The role I was assigned was a new one for the county, that of ward supervisor, meaning I needed to provide technical support, procedural interpretation, and logistical support for the judges at the 16 precincts in my ward. Specifically, this means things like helping out any judge crews who aren't able to get into the building at their polling location at 6:00 AM, helping those that can't figure out how to get their tabulation machines working, helping those with information on how to properly register new voters, delivering supplies for any location running short on anything critical, and also the distribution of completed absentee ballots. All these issues, multiplied by 16 locations, results in 120 driving miles, despite the fact my ward was maybe 10 square miles in area. I was zig zagging and haphazardly putting out fires all day long.

The main advantage to my position was getting to see so many precinct judging crews in action. And all of them, every single one, operated competently and efficiently and with generally good morale. Let me just restate, being an election judge assigned to an individual precinct generally sucks, by any conventional interpretation of the word ("suck - the state of being bogus or generally wack"--the New Merriam-Webster College Dictionary). You need to work all day and half way into the night without an official break or even time away to eat, the procedures you need to follow are detailed and numerous, the physical environment is typically claustrophobic, the pacing is at times frenzied but mostly tedious. And to top it off, you get absolutely no recognition or feedback from your overseers in the county elections office. In fact, the judges get treated with disdain by the paid government employees, who are officially in charge of how elections proceed. This is the reason my particular position exists at all, because the county doesn't want to be bothered by the desperate calls from the outposts in the hinterland, lest they be interrupted from their own official duties. From my observations, their official duties generally consist of snacking at the morning breakfast buffet, trying to choose which kind of pizza they want to try next from the 30 or so Domino's boxes lined up for lunch, and making sure they get chipotle salsa with their enchiladas when they're delivered for their dinner. (Yes, the county employees get all the food they need all day long, presumably paid for out one slush fund or another).

But I don't want to engage in the condemnation of the government types, I'm here to celebrate those poor bastards in the trenches, the election judges. Upon further review, I'm not quite sure how a society creates a class of people like this. To put up with what they do and for no appreciable benefit, other than the fulfillment of a personal sense of duty. All of them, worked liked dogs, treated like dogs, yet still managing to operate their locations with efficiency, fairness, attention to the law, and generally good spirits. Despite recent efforts by the county to recruit new, younger judges (a process of which I am a product) I'd say more than three-fourths are 55+ in age and I wonder how much of the high quality character of these people is dependent upon their generation alone. Some of these individuals were of the WWII generation, some just after that, but very few of the baby boom generation or later were present.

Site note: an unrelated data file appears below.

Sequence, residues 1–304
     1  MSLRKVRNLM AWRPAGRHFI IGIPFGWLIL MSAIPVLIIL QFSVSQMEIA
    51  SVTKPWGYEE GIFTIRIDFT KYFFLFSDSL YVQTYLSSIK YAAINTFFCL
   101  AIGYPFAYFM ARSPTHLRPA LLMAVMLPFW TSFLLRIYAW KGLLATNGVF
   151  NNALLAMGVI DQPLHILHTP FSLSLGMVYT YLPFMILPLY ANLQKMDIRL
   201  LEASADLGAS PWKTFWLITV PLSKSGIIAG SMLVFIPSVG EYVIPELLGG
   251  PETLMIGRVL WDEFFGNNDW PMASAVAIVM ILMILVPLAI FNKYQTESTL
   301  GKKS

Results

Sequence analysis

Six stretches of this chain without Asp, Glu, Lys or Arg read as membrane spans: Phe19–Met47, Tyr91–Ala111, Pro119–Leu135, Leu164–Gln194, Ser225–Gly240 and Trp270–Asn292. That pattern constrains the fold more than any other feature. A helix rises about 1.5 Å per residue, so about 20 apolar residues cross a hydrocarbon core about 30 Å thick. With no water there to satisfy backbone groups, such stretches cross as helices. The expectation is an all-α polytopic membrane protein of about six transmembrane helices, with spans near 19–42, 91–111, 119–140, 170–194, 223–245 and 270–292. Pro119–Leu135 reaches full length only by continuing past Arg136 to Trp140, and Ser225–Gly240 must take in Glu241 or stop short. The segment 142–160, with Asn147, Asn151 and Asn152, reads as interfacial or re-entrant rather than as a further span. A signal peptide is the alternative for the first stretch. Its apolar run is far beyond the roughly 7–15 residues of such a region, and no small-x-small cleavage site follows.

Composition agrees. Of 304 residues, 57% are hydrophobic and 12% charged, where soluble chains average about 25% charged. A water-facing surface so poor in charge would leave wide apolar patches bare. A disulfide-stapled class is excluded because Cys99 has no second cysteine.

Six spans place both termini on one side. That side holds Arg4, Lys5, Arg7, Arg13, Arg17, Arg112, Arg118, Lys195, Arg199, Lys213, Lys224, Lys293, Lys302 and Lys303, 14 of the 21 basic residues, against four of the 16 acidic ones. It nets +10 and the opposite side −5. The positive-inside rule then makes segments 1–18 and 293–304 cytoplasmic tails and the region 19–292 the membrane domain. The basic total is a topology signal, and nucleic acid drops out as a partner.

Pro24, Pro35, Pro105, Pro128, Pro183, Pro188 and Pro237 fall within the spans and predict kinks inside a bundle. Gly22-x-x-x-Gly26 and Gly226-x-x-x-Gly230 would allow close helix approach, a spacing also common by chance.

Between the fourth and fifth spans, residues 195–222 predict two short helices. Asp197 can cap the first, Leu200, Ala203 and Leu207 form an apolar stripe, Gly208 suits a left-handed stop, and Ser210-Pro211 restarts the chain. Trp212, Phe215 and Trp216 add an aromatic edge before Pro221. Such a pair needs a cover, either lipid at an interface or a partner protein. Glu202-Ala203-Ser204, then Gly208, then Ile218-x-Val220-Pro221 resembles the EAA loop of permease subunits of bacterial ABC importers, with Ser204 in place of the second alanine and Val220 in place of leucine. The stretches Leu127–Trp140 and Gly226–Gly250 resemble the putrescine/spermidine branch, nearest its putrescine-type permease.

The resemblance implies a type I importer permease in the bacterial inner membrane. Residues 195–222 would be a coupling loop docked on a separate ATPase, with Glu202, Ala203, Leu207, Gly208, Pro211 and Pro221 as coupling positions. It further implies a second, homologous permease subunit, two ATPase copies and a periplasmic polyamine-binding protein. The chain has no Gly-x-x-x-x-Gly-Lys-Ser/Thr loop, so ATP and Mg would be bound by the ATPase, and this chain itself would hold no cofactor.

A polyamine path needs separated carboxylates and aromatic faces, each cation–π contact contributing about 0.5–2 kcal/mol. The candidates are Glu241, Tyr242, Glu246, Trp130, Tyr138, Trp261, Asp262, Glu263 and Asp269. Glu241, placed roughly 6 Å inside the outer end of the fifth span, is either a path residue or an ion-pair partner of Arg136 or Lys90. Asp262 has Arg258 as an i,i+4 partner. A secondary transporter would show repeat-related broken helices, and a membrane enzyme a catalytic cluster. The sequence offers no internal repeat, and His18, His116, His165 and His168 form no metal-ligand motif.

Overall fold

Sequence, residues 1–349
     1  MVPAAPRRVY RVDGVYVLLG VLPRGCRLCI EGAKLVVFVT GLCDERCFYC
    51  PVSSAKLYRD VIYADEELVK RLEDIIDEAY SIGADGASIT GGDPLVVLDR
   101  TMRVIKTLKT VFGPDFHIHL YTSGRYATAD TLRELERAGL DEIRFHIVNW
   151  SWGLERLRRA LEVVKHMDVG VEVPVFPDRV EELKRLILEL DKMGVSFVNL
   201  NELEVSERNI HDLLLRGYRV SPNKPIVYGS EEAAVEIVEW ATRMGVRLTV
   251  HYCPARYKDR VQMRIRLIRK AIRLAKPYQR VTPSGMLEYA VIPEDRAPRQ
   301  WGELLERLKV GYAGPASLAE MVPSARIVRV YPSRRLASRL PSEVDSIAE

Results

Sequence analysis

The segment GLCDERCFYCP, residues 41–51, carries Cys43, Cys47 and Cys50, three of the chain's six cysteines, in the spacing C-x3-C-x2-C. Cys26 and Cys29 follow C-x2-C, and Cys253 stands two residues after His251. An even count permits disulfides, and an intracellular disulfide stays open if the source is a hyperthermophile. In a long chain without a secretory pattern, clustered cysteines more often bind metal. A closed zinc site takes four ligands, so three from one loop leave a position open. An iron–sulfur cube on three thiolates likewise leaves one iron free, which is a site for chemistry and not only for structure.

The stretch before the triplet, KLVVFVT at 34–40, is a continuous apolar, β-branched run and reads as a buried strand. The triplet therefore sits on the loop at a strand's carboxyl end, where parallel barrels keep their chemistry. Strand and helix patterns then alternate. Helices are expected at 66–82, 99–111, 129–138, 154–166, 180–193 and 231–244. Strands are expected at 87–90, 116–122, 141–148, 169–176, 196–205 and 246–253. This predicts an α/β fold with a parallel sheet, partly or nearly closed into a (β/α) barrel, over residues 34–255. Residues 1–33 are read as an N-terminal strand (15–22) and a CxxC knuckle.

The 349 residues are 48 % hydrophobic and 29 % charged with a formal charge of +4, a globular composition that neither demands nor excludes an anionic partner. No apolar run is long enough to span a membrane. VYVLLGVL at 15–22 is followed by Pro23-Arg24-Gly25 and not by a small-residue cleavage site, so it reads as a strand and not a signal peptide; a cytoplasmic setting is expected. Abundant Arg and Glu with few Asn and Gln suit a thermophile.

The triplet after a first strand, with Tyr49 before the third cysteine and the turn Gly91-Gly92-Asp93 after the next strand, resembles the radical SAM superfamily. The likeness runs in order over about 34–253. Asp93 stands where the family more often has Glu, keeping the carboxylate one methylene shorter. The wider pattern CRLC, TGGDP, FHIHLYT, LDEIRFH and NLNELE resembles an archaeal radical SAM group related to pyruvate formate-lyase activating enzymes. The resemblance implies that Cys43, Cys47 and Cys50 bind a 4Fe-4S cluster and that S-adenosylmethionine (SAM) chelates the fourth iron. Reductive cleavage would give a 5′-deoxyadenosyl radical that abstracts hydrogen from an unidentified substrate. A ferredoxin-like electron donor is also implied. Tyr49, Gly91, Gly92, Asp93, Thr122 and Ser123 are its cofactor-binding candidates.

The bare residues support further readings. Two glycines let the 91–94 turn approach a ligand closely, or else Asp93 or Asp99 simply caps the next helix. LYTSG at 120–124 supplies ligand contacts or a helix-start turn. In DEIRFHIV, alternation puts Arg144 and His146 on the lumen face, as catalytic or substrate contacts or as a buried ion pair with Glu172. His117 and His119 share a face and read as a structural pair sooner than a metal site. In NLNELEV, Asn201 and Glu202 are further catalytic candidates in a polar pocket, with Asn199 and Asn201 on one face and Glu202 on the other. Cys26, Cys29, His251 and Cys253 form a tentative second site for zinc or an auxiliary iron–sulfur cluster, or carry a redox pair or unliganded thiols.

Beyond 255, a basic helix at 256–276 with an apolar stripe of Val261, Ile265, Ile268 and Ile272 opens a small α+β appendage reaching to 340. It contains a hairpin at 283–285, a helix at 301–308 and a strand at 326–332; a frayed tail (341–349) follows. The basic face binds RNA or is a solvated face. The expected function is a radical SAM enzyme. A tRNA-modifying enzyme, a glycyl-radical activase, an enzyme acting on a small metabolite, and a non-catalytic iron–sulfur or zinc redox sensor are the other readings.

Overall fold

Perhaps this is just a reflection of life stage commitments. Most boomers and Generation X'ers are parents with young families, and taking an entire day off from their responsibilities to their families and jobs would be a significant burden. And the older folks probably do have extra time on their hands. But that's not to say service as an election judge isn't a burden to them as well, especially given their increased physical ailments and age-related limits on their physical energy, attention spans , and cognitive abilities (plus dealing with the blatantly "ageist" stereotyping of their ward supervisor).

But this older generation just seems more willing to bear burdens for the good of their society than the following generations. And for this reason elections have generally gone smoothly (at least in Minnesota). As this generation passes away and leaves the ranks of public service, I question the quality of their replacements. Because without a certain level of altruistic commitment among the general populace and the unquestioning will to do whatever needs to be done, there will be problems in running something as large and complex as an election. It appears the problems we witnessed in Florida, both in 2000 and even this year, on Tuesday, are a reflection of this trend. And if the modern generations prove to be incapable of living up to their responsibilities as citizens, we can expect these problems to become more and more common.

Monday, September 09, 2002

Don't Ever Stop Looking Back

Last night on C-SPAN, Victor Davis Hanson gave another brilliant speech on the position the US finds itself in vis-a-vis the war on terrorism and the corresponding, almost unanimous, criticism by the rest of the world. Unfortunately, there's no indication of a replay of this event via the C-SPAN site (although they're not very forthcoming with future broadcast schedules, so you never know).